Coke, Delta, Hyatt and Others Back a U.S. Restaurant Relief Bill
(Bloomberg) -- Major companies including Coca-Cola Co., Delta Air Lines Inc. and Hyatt Hotels Corp. are backing a bipartisan congressional proposal for a $120 billion grant program to help independent restaurants survive Covid-19.
“This important legislation will immediately infuse desperately needed capital into local economies and will help small independent restaurants and the broader restaurant community rebuild after months of closure and what will be months of reduced revenue as a result of social distancing,” said seven companies, which also included American Express Co., in a letter Wednesday to the two senators who introduced the proposal.
The bill, sponsored by Roger Wicker, a Mississippi Republican, and Kyrsten Sinema, a Democrat from Arizona, would create a $120 billion “Restaurant Revitalization Fund” overseen by the Treasury Department to provide grants to independent food service or drinking establishments through Dec. 31.
Restaurants have been particularly hard hit during the pandemic: Many of the industry’s 11 million workers have lost their jobs, and government relief funds for small businesses have been ill-tailored to fit their needs. Restaurants will likely see their costs outstrip revenue for months because of limits on gatherings and indoor dining and a wave of closings is expected.
The companies pointed out that they have a stake in the survival of eating establishments. “Without restaurants, every one of our businesses would be impacted,” they wrote.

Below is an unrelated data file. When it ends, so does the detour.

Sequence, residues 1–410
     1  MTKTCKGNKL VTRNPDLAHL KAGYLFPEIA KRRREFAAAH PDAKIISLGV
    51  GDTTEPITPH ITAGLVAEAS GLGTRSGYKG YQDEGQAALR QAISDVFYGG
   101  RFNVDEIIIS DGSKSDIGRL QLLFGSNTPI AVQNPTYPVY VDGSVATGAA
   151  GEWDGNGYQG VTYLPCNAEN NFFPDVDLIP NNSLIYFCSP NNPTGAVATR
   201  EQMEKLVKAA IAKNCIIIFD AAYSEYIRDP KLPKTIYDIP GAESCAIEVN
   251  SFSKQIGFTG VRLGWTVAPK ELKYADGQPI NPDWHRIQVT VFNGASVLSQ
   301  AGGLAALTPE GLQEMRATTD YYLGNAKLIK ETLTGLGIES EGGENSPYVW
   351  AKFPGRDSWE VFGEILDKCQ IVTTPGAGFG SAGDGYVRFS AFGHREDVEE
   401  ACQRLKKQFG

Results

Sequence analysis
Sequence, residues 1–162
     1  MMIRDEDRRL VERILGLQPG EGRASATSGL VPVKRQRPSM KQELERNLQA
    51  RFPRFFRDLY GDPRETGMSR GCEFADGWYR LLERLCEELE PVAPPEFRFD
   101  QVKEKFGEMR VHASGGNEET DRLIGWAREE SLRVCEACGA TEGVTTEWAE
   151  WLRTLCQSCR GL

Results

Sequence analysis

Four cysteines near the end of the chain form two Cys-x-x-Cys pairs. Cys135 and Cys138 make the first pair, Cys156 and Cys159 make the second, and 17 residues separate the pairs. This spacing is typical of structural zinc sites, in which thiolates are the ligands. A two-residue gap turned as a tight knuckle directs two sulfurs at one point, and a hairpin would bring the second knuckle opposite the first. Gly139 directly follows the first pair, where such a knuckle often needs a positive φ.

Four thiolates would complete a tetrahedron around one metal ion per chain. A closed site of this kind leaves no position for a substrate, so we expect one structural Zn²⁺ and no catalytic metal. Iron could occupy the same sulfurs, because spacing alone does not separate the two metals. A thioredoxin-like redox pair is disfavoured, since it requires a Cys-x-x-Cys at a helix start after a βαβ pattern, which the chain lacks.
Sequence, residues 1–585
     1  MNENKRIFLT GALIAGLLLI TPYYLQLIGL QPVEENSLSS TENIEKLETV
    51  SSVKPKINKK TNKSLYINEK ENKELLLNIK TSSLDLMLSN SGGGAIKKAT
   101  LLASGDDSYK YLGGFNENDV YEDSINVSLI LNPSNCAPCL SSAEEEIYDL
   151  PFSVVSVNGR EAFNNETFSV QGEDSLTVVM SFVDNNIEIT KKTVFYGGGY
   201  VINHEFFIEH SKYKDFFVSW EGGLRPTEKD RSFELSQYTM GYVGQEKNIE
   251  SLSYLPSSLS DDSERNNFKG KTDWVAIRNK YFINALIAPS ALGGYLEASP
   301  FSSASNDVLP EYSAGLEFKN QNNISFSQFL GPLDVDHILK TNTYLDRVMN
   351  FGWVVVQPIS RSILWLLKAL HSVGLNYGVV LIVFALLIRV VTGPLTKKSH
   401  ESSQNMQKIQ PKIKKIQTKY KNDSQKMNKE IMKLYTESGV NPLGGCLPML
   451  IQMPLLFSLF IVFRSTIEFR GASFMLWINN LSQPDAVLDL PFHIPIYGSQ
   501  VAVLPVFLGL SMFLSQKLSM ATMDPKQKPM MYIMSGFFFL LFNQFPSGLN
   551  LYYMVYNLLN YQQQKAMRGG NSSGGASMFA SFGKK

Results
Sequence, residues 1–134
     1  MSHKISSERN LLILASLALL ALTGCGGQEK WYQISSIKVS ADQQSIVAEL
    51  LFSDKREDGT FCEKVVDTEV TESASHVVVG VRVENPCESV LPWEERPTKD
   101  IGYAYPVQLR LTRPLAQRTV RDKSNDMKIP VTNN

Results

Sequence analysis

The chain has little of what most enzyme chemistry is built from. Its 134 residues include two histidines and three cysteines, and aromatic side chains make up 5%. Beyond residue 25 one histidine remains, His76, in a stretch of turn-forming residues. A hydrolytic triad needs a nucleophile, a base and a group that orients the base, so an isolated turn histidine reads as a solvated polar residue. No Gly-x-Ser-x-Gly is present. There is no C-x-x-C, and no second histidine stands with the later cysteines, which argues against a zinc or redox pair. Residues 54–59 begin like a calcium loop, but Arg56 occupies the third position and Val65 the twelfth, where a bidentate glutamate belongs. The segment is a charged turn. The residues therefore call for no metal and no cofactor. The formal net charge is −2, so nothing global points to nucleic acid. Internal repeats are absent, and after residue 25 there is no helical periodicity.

The pledge of support comes as surges of the novel coronavirus in the U.S. endanger economic recovery and add urgency to congressional efforts to pass a new round of stimulus, which could include the proposed restaurant aid.
The White House wants a stimulus of as much as $1 trillion passed before lawmakers leave town for their August recess, a top administration aide told Bloomberg on Tuesday, although the official, Marc Short, didn’t mention restaurant relief among the top priorities.
Senate Majority Leader Mitch McConnell, a Republican, said on Monday that he was “pretty sure” a bill would come together in that time frame and acknowledged the difficulties of workers in the hospitality industry.
Wicker, who introduced the proposal in June, has said the plan has broad support, including from White House officials, creating a “strong likelihood” that the bill could become part of the next stimulus. A House version of the legislation is gaining momentum and has 58 sponsors, including two Republicans.
US Foods Holding Corp., Sysco Corp. and the restaurant-reservation app Resy Network Inc. also signed the letter.
Many localities have been forced to slow or reverse reopening plans, including those for indoor dining, because of the pandemic’s resurgence.
“We need federal money to help our industry,” the Golden Gate Restaurant Association said in a statement Tuesday backing the proposal as San Francisco postponed the resumption of indoor service.
On the East Coast, New York City entered another phase of its reopening on Monday but has postponed indoor dining indefinitely after officials saw the spread of infection in Texas and Florida, where bars and restaurants had reopened.
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